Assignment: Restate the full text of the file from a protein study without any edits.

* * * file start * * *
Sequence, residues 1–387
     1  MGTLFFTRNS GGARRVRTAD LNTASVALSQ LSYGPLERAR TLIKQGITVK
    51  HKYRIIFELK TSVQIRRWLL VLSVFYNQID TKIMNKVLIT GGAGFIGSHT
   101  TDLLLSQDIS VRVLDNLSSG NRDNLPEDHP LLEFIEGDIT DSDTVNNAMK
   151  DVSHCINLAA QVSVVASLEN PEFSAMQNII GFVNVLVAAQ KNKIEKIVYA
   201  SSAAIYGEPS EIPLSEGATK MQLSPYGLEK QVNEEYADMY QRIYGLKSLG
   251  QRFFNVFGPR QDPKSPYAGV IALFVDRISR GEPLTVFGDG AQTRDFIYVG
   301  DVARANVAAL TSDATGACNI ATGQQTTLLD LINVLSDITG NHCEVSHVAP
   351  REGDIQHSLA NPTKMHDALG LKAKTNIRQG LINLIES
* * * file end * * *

Sequence, residues 1–387
     1  MGTLFFTRNS GGARRVRTAD LNTASVALSQ LSYGPLERAR TLIKQGITVK
    51  HKYRIIFELK TSVQIRRWLL VLSVFYNQID TKIMNKVLIT GGAGFIGSHT
   101  TDLLLSQDIS VRVLDNLSSG NRDNLPEDHP LLEFIEGDIT DSDTVNNAMK
   151  DVSHCINLAA QVSVVASLEN PEFSAMQNII GFVNVLVAAQ KNKIEKIVYA
   201  SSAAIYGEPS EIPLSEGATK MQLSPYGLEK QVNEEYADMY QRIYGLKSLG
   251  QRFFNVFGPR QDPKSPYAGV IALFVDRISR GEPLTVFGDG AQTRDFIYVG
   301  DVARANVAAL TSDATGACNI ATGQQTTLLD LINVLSDITG NHCEVSHVAP
   351  REGDIQHSLA NPTKMHDALG LKAKTNIRQG LINLIES